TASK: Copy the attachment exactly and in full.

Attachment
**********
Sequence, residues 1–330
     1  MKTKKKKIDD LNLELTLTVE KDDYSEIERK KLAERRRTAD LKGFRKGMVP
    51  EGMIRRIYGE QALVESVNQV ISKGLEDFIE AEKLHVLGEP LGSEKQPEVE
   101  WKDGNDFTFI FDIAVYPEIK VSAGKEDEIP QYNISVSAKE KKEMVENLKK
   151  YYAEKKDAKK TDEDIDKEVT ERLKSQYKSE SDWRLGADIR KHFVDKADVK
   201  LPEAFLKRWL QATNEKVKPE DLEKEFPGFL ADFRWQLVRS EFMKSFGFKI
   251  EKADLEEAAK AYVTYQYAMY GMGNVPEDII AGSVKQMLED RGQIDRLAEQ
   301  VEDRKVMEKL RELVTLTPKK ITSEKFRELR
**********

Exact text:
Sequence, residues 1–330
     1  MKTKKKKIDD LNLELTLTVE KDDYSEIERK KLAERRRTAD LKGFRKGMVP
    51  EGMIRRIYGE QALVESVNQV ISKGLEDFIE AEKLHVLGEP LGSEKQPEVE
   101  WKDGNDFTFI FDIAVYPEIK VSAGKEDEIP QYNISVSAKE KKEMVENLKK
   151  YYAEKKDAKK TDEDIDKEVT ERLKSQYKSE SDWRLGADIR KHFVDKADVK
   201  LPEAFLKRWL QATNEKVKPE DLEKEFPGFL ADFRWQLVRS EFMKSFGFKI
   251  EKADLEEAAK AYVTYQYAMY GMGNVPEDII AGSVKQMLED RGQIDRLAEQ
   301  VEDRKVMEKL RELVTLTPKK ITSEKFRELR